Sore loser Donald Trump plays a misguided game trying to delegitimize Republican delegate selection rules. During a Fox interview Monday, Trump said the selection process is “rigged, it’s crooked.”  At his rally in Rochester, New York, Trump called the process “corrupt”  and complained of “crooked shenanigans” being used to win delegates.

As Marc Thiessen explains, contrary to the Donald’s bellyaching, Ted Cruz is doing exactly what Ronald Reagan did in 1976, when he mounted an insurgent campaign for the GOP nomination against President Ford. Cruz, like Reagan did, is running a very well-organized ground game to win every available delegate at state and local conventions across the country. Like Trump, the Ford team complained about Reagan’s tactics:

Ford’s chief delegate hunter, James Baker, complained to Time magazine that Ford’s people were being “out hustled” by Reagan, declaring “These Reagan people don’t care; they’re absolutely ruthless. They want all of it.” Reagan traveled across the county addressing state and local conventions, and called uncommitted delegates inviting them to private dinners (adding “By the way, do you mind if I bring along John Wayne and Jimmy Stewart?”).

Unlike Trump, Ford responded in kind: The campaign invited unbound delegates to the Oval Office and sent operatives to state conventions to flip Reagan delegates to his side.

Cruz, also like Reagan did, is working to elect delegates who, while bound to support Trump on a first ballot, will support Cruz on subsequent ballots:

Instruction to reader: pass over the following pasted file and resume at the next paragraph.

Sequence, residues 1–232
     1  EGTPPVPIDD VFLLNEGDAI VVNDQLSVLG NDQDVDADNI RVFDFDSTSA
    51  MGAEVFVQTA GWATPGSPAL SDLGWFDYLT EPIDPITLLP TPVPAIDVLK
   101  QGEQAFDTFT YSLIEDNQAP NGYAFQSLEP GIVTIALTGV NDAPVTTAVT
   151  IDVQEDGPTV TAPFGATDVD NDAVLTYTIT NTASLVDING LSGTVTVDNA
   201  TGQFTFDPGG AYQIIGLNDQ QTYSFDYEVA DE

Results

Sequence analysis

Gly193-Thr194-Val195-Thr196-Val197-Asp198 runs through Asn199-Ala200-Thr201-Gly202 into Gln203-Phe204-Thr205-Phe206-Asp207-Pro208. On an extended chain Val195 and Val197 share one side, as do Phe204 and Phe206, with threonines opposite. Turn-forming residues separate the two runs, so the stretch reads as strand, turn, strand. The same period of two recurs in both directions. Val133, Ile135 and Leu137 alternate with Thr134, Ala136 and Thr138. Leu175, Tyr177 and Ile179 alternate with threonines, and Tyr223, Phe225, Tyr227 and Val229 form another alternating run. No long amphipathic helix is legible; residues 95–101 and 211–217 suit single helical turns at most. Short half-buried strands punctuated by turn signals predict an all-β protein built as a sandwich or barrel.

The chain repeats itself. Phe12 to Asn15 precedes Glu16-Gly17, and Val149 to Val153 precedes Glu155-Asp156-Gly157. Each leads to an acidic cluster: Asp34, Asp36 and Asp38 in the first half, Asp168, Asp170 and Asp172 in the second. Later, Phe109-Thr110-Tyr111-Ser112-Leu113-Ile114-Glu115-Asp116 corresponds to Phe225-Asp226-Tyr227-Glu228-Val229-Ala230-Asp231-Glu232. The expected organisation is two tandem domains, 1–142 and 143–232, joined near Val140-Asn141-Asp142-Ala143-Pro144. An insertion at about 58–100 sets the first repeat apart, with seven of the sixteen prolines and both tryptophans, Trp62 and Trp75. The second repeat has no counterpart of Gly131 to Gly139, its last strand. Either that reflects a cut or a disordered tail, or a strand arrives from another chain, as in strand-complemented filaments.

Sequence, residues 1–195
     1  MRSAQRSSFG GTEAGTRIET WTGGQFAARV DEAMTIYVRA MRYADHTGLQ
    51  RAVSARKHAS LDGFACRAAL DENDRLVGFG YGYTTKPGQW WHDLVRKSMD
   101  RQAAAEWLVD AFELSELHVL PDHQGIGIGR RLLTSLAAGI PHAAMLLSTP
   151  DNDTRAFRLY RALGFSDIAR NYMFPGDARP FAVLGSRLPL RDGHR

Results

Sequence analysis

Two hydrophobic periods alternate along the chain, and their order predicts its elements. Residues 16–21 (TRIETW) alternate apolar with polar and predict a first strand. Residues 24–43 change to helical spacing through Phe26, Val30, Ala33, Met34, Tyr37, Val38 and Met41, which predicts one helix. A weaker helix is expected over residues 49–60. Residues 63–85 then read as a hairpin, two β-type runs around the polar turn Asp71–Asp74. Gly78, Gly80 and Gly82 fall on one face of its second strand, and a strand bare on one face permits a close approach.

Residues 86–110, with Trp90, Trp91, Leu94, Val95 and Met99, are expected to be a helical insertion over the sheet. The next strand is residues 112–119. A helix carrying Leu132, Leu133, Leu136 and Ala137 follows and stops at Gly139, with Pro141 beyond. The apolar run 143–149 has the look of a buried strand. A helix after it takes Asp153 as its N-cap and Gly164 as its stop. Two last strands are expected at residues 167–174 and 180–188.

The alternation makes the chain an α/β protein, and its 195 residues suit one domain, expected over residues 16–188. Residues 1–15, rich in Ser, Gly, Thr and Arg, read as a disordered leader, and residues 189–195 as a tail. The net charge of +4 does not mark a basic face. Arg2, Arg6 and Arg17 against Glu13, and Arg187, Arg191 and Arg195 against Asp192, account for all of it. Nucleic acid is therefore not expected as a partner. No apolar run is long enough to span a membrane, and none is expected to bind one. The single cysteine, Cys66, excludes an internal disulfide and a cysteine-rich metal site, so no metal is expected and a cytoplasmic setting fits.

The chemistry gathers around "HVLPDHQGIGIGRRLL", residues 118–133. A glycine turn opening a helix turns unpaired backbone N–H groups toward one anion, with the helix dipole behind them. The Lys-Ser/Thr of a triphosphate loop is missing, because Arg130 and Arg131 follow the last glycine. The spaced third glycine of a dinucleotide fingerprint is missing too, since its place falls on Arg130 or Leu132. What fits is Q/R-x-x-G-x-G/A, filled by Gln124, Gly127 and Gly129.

In Virginia’s 9th Congressional District, for example, two of the three delegates elected told The Post that “they would vote for Cruz if voting on a GOP nominee goes into multiple rounds.” In Georgia’s Coweta County — which Trump won by 12 percentage points — Cruz supporters won an estimated 90 percent of the county’s delegates to the state and district conventions that will choose Georgia’s delegates at the Republican National Convention. In Michigan, Cruz’s campaign believes it has elected its supporters to at least five of the 25 delegate slots pledged to Trump. It has been a similar story in South Carolina, Indiana, Tennessee, South Dakota and other states.

There is nothing wrong with this. All Cruz is doing is using the various state’s delegate selection rules to fight for every available delegate according to the rules, just as Reagan did. Trump has no one to blame, but himself  for mounting what looks more and more like an incompetent campaign:

Back in February, after losing Iowa to Cruz, Trump admitted he “never realized” the importance of building a field organization. But instead of going out and building that field organization, he has done the opposite. Politico reports that “Since March, [Trump] has been laying off field staff en masse around the country.” Trump brags about how rich he is, but he has run his campaign on the cheap, relying on provocative tweets and his massive advantage in free media to win primaries. He’s now learning that Twitter and free media can’t win delegates.

What is especially disheartening about Trump’s new convention manager, Paul Manafort, accusing the Cruz campaign of using Gestapo tactics, is that in 1976, Manafort was the delegate-hunt coordinator in eight states for the President Ford Committee. He knows better. Both Trump and his new delegate charmer should stop complaining about the rules and try to try to play by them like the Cruz campaign.